Mechanic’s bible turns 50
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One of the world’s longest-established vehicle manual publishers, Haynes Manuals, will soon celebrate five decades as a specialist motoring publisher.
The company’s ‘how to’ manuals have been used by mechanics, professional and amateur, throughout the world since the first was published in 1960.
It has sold more than 150 million manuals worldwide since, covering automotive and motorcycle repair, maintenance and customising.
The founder John Haynes wrote and published his first book, on building an Austin 7 Special, while he was still at school in 1956, although the company says the first ‘proper’ Haynes Manual, for the Austin Healey ‘Frogeye’ Sprite sports car was published in 1965.
It was based on the teardown and rebuild of a project vehicle, and with extensive use of step-by-step photographs, the first manual set the standard for generations of Haynes Manuals that have followed.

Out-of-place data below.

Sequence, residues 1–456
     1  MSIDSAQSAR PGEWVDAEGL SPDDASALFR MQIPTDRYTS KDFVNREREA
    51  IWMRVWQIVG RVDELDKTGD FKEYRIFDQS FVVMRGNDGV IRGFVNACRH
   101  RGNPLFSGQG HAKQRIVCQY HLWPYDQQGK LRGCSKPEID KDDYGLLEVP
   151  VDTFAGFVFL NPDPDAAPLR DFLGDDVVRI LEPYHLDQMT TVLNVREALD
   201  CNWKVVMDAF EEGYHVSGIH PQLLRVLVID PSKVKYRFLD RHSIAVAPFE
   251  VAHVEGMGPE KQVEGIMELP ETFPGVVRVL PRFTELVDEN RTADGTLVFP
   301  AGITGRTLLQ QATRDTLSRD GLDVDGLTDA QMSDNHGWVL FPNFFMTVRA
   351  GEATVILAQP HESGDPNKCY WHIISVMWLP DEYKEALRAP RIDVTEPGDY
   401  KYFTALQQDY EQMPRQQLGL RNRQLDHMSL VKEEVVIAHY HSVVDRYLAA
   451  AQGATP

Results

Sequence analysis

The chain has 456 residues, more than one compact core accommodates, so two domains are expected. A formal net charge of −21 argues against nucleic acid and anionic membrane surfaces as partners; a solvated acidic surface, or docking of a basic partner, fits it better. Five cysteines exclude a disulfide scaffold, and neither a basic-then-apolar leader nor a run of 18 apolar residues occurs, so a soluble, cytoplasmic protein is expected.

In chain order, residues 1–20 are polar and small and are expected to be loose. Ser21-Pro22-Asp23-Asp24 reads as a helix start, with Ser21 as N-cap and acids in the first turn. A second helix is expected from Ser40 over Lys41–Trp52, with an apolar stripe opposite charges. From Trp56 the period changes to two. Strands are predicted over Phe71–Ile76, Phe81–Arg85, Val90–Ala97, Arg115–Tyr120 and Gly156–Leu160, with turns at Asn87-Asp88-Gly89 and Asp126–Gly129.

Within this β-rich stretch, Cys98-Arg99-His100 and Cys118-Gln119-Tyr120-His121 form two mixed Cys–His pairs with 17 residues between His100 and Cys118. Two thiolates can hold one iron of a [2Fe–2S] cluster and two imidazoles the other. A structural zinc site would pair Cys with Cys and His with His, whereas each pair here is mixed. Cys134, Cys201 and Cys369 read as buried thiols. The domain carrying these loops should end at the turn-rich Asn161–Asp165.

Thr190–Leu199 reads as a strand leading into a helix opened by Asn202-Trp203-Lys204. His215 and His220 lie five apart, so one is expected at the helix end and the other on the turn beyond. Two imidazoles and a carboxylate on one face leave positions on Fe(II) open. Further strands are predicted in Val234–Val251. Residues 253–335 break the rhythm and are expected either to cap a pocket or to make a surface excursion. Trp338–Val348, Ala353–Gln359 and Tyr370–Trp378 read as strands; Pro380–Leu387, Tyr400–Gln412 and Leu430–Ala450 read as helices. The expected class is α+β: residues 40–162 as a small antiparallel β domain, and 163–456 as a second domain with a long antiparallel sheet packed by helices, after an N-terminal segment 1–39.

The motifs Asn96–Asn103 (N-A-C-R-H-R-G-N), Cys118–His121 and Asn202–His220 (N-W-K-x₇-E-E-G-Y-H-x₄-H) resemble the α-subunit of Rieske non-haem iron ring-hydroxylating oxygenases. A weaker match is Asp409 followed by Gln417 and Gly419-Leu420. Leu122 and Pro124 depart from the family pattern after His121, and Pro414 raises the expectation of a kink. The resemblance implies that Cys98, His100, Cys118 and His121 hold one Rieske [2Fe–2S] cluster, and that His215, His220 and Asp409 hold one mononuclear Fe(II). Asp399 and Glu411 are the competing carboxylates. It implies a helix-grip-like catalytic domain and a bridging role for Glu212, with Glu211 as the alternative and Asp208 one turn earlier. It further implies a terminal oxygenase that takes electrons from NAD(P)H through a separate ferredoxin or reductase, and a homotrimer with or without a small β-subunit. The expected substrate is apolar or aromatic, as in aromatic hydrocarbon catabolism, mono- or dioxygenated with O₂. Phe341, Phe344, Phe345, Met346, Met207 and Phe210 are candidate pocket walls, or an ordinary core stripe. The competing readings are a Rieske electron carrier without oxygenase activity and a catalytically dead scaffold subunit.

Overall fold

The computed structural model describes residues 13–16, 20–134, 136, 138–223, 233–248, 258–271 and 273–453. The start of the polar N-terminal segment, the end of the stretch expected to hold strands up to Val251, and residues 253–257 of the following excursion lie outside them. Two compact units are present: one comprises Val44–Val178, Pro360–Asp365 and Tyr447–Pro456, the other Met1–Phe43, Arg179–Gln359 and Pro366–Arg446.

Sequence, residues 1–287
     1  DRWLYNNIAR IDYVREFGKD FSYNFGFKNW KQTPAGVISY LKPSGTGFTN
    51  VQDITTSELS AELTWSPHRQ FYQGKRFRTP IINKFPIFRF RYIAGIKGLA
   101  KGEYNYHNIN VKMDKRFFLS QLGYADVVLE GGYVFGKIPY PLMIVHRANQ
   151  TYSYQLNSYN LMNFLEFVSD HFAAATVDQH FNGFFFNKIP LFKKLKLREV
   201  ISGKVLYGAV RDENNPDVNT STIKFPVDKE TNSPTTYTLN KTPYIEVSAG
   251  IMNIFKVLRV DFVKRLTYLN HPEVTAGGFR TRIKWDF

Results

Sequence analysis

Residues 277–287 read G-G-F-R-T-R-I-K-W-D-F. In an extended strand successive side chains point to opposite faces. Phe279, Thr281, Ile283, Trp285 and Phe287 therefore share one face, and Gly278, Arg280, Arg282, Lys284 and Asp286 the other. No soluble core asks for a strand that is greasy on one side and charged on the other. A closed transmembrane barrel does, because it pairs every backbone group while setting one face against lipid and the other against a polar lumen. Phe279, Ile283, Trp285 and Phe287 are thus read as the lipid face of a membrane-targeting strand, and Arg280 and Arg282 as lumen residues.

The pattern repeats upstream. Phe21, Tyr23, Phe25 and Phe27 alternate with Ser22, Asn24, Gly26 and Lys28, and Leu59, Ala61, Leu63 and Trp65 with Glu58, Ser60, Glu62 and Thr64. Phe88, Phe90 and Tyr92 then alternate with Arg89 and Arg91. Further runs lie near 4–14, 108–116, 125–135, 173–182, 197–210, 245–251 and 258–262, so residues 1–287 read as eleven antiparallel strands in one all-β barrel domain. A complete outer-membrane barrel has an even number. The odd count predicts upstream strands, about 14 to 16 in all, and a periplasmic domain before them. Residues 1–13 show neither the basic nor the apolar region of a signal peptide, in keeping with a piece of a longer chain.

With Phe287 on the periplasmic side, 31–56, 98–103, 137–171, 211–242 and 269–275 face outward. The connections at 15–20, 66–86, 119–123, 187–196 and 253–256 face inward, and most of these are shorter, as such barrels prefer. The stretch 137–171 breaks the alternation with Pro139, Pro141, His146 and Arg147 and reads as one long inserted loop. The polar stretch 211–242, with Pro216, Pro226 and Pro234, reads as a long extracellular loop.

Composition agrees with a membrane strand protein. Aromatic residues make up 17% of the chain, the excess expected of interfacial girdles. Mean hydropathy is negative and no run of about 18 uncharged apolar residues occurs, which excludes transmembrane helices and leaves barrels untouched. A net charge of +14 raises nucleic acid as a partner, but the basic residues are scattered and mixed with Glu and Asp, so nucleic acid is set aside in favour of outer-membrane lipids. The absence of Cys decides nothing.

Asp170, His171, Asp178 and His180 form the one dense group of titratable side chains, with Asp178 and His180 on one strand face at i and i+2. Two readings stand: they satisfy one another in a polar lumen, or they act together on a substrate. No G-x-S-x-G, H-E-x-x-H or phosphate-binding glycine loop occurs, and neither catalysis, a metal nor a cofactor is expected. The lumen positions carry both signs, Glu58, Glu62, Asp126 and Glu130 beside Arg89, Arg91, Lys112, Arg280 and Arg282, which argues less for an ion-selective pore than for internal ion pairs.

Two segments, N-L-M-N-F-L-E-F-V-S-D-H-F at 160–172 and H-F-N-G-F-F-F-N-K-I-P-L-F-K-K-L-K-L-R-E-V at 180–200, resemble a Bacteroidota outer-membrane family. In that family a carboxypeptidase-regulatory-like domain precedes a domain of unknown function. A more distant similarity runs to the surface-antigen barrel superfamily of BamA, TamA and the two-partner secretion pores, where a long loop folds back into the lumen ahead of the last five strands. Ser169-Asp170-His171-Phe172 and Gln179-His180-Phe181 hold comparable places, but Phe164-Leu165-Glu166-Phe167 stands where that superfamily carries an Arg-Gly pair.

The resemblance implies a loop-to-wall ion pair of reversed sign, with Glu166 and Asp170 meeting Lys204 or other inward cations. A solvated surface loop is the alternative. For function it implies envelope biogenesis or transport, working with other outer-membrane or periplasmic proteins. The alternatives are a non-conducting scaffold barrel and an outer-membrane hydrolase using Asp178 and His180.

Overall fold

The company was founded in 1960, in Somerset, England, and also has offices in California.
Haynes set up the Haynes Motor Museum at Sparkford in the mid 1980s, as a charitable trust “dedicated to restore, retain and preserve motoring and motorcycling items of historical and cultural interest in England”. The museum is now said to be one of the world’s most extensive collections of vintage, classic and exotic cars, motorcycles and motoring memorabilia.
It includes more than 400 cars and bikes from the dawn of motoring in the late 1800s through nostalgic classics of the 1950s and 1960s, including Bentleys and Rolls Royces to super cars such as the Jaguar XJ220.
The manuals are said to be the most widely read automotive books in the world, and the company says it covers the motoring industry from Acura to Volvo, and from BMW to Yamaha.
However it is the attention to detail that sets the Haynes Manuals apart from competitors. Each manual is written from hands-on experience based on a complete teardown, which is the step-by-step process of dismantling a vehicle part-by-part. This is followed by the detailed rebuilding of the specific model each manual documents.
The company says that writing each manual takes 30 man-weeks, with authors working as teams to shorten the production time and to avoid fatigue during the process.
Each manual is written from the experience of Haynes’ expert personnel using only a basic set of tools, and presented in a style that can be followed by do-it-yourselfers.
The company says that as a result of having completed more than 2000 teardowns, it offers more than 600 manuals.